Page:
Leveraging the features of life and disability insurance can be the most efficient way to informally fund a SERP benefits.
A SERP is sometimes categorized as a deferred compensation plan. However, unlike a true deferred compensation plan under which a participant actually defers receipt of compensation, the participant in a SERP defers no compensation that he or she could have received in cash. Instead, the employer will informally fund a SERP and promise the benefits in their entirety.
Although the benefits that can be offered under a SERP may vary considerably from one plan to another, it’s common to find that many SERPs offer participants three distinct benefits:
- retirement benefits
- disability benefits
- survivor benefits
The actual SERP design and its benefits usually depend on the objectives of the employer and the needs of the executive participating in it.
SERP Retirement Benefits
While a SERP may provide participant retirement benefits at virtually any amount for any duration, many plans limit the amount and duration of payments to some percentage of income for 10 or 15 years. For example, a SERP might provide retirement benefits equal to 50 percent of the executive’s final salary for a period of ten years. In any particular SERP, the annual benefits promised may be more or less than 50 percent of salary and may continue for a period that is longer or shorter than 10 years. Furthermore, the plan benefits may be larger or payable longer for one key executive than for another.
An important byproduct of the SERP plan design is that, because the benefit is typically determined by the executive’s final salary, the actual benefit (at its commencement) tends to retain its purchasing power. This is an important consideration because SERP agreements are often entered into many years before the participating executive’s retirement.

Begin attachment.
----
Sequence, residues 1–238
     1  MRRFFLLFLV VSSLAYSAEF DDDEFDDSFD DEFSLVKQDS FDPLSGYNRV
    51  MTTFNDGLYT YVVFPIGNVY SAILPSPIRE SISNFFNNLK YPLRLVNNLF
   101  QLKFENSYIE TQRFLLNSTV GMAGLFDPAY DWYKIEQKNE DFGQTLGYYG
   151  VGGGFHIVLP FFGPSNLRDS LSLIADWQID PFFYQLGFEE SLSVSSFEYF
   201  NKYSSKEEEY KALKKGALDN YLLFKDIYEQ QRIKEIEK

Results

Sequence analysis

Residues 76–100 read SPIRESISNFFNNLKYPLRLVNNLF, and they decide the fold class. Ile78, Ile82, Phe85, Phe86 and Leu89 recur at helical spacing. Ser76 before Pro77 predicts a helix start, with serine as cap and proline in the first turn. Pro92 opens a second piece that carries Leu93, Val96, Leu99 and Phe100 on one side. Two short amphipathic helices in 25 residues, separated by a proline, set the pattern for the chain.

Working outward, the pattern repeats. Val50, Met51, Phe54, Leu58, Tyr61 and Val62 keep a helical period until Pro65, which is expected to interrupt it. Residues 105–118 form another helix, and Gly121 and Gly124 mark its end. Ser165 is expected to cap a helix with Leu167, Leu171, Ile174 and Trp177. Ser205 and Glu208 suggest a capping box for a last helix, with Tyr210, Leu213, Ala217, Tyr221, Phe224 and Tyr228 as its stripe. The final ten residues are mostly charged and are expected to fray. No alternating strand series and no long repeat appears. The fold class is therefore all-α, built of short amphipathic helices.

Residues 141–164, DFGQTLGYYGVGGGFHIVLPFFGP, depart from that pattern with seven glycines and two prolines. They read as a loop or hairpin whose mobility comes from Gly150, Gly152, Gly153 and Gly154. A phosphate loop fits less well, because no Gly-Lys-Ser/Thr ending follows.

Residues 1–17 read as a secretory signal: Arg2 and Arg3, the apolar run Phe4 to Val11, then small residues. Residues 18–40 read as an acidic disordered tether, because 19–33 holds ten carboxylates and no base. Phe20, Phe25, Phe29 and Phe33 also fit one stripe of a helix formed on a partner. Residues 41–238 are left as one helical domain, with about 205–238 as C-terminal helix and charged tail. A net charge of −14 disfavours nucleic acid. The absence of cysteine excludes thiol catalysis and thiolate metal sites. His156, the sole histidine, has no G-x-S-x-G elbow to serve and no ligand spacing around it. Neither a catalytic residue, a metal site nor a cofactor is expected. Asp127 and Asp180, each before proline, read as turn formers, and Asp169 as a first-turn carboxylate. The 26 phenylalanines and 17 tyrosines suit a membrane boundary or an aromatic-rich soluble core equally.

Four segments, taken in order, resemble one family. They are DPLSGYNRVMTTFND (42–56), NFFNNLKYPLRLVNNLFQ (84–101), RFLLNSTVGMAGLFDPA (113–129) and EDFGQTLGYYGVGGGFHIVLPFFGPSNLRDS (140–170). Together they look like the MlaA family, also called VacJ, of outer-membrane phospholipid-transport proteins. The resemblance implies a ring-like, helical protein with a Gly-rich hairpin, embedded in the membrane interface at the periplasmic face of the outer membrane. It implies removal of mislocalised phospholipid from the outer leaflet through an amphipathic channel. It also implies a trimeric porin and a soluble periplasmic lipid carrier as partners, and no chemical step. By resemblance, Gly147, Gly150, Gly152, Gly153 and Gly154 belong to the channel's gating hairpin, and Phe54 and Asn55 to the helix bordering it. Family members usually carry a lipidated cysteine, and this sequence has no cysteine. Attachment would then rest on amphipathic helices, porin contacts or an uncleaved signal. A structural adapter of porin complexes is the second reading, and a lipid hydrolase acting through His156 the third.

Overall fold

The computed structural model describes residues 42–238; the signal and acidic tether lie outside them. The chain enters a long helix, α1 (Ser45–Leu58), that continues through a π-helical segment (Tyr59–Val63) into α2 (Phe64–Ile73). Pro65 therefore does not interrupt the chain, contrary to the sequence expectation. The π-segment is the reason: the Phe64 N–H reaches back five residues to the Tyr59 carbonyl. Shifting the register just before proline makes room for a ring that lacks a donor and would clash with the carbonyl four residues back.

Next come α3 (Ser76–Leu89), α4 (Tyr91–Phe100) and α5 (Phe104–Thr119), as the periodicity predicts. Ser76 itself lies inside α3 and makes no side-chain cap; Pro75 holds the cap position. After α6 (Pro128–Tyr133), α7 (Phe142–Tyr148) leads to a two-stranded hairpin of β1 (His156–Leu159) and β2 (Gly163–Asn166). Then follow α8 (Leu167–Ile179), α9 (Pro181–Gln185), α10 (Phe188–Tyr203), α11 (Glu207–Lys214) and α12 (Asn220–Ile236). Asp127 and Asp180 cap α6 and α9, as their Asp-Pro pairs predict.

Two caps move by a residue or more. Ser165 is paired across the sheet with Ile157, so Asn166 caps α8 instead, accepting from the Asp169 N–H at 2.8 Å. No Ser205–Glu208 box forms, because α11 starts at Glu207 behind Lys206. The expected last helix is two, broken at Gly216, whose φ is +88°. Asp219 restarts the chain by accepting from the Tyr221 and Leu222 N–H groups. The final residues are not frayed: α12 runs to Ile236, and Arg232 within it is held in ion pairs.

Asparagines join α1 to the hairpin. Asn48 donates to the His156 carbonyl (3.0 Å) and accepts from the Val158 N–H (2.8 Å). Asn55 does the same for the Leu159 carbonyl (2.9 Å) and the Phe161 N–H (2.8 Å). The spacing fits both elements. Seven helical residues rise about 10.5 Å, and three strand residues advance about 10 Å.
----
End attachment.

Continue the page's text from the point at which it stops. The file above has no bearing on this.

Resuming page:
Since there may be many years until the employee receives their SERP benefits, using the cash value of permanent life insurance is a way to informally fund a SERP.
SERP Disability Benefits
Although not included in all SERPs, many plans also provide for the payment of benefits in the event of the participant’s total disability. Usually, the disability benefits are funded through an individual disability income policy owned by the employer, who is also the beneficiary for any disability benefits.
The disability income policy is usually conditionally renewable—the condition being the executive’s continued employment with the firm—and contains a nontransferability provision so that its benefits will not adversely affect the executive’s ability to be properly insured under a personally owned disability income policy protecting his or her earned income.
The benefits provided to the totally disabled executive under a SERP are generally stated in terms similar to the terms that describe his or her retirement benefits. As a result, it is not unusual for the total disability benefits provided under a SERP to give the disabled executive 50 percent of his or her current salary for the duration of disability but not for more than 10 years. Alternatively, the disability benefit may continue until the executive’s age 65 or other age recited in the plan document, at which time the plan’s retirement benefits would commence.
SERP Survivor Benefits
Just as an executive may become disabled, he or she could die while employed by the employer. For that reason, survivor benefits are usually a part of a SERP. Survivor benefits under a SERP are often provided at the same level as they would be at retirement. Thus, it is not unusual to find survivor benefits in a SERP that provide 50 percent of the executive’s salary at the time of his or her death if death occurs prior to retirement.
Regardless of the actual benefits provided under the plan, it is important to understand that because the plan is nonqualified, it can be tailored to meet the employer’s needs and those of the key executive. These SERPs are almost infinitely variable.
The use of life and disability insurance policies insures that the company has the ability to pay the promised benefits to the employee regardless of when they start to claim them. Insurances unique ability to create a lump sum of money out of smaller periodic premiums when a qualifying event occurs, such as a death or disability, as well as permanent life insurance’s tax deferred and potentially tax free accumulation feature makes using it an ideal vehicle to informally fund a SERP.